It was billed as the biggest and most eagerly anticipated head to head to battle in New Zealand athletics for more than 40 years. A clash of the titans showdown between Tom Walsh and Jacko Gill – two richly talented young shot put talents who are more than equipped to carry the baton for their country’s growing throws heritage for the next decade or more.
In the end it was recent form that counted most as Walsh, the recently minted World Indoor bronze medallist, secured a comfortable victory courtesy of a championship record 20.79m with his sixth round attempt.
On this occasion Gill - competing in his first competition for 223 days- had to concede to his older rival by three years – although a 19.93m heave was good enough to secure a Commonwealth Games B standard, one of his objectives for the day.
With a mass of spectators gathered down by the 100m start and on the second bend to gain a good view of the shot put action it was not hard to gauge the importance of the spectacle, which has garnered more than its fair share of column inches and air time on TV and radio.
The battle was made all the more interesting because the pair had not clashed in 28 months – with Gill, the two-time World Junior champion winning on that occasion on Auckland’s North Shore.
The first round proved a little bit of a damp squib as both men registered red flags, but in round two Gill showed how his lengthy spell away from competitive action had not blunted his throwing prowess with a 19.93m effort. Walsh responded immediately going out to 20.13m with his second throw to take early control.
With his third throw Gill almost matched his effort from the previous round recording 19.89m -before Walsh tightened his grip on the competition with a 20.59m putt – prompting the 22-year-old to clap his hands in satisfaction.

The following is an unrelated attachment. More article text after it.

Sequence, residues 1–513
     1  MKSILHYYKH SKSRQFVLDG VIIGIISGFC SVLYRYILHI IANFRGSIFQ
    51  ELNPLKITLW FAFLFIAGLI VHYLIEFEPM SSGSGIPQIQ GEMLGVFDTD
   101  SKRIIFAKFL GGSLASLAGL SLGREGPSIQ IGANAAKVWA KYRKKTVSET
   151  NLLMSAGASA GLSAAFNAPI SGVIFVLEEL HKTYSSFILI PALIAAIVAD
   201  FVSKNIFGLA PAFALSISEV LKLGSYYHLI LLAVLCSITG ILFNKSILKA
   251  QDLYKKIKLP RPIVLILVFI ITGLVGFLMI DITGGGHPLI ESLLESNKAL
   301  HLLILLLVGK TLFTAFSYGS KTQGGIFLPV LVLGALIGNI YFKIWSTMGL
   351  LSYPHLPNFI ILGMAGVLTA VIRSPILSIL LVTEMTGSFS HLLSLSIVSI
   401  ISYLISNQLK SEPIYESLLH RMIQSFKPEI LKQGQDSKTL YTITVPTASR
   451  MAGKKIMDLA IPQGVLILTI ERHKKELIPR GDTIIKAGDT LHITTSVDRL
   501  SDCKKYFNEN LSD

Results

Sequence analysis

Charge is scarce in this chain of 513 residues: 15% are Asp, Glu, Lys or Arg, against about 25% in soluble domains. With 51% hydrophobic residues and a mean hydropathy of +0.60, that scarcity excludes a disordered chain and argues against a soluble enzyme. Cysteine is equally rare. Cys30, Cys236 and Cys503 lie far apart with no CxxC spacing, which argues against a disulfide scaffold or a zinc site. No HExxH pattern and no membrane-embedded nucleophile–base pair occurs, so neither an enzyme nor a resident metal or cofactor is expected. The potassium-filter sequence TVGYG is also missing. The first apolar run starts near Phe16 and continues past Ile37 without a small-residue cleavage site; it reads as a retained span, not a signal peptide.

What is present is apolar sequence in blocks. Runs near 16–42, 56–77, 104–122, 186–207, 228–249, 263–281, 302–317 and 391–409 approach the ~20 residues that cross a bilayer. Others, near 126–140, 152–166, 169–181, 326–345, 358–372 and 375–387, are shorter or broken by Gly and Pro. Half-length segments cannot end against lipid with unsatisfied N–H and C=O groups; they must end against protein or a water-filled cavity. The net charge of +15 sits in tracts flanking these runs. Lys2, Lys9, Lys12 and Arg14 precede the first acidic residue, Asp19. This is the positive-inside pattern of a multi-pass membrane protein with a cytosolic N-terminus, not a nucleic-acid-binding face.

Rounds four and five witnessed no change to the overall picture as the pair struggled to maintain their rhythm in the cold and windy conditions. In the final round, it was Walsh who was confirmed champion after Gill’s final effort was measured at 19.42m.
Relaxed and with a fifth straight New Zealand shot title in his pocket the Cantabrian launched the metal ball out to 20.79m for a New Zealand all-comers record – 0.03cm further than Great Britain’s Geoff Capes achieved some 34 years earlier.
Walsh was relieved to have claimed the much hyped victory which put a satisfying full stop on an outstanding season in which he has twice thrown beyond 21m – the benchmark for world class – and claimed a breakthrough bronze medal at the World Indoor Championships in Poland.
“Obviously, I came here for the win and I’m pleased with that, although I would have liked to have thrown a bit further,” said the Cantabrian athlete. “I would say well done to Jacko for qualifying and getting the Commonwealth Games qualifying mark. There’s no bad blood between us and I hope this competition goes on for years.
“I was a bit nervous yesterday, but my nerves calmed down a bit before competition. I felt like I was in good shape, but I had no excuses, if Jacko had come out on top because I was in good shape.
“I had a good throws session this morning. It just didn’t quite happen in the competition today, but I’m happy with the month I’ve had.”
Gill took the positives out of finishing second and producing a distance which would have won every single other men’s shot put title in the history of the New Zealand Championships.
“I’m happy for Tom but obviously wanted to win and throw a little bit further, said Gill. “I was pleased to gain the Commonwealth Games standard today. I have a couple of new coaches and I definitely need to work on some technical issues. Glasgow is a big goal of mine and I have plenty to work on.”
By Steve Landells reporting from the 2014 New Zealand Track & Field Championships in Wellington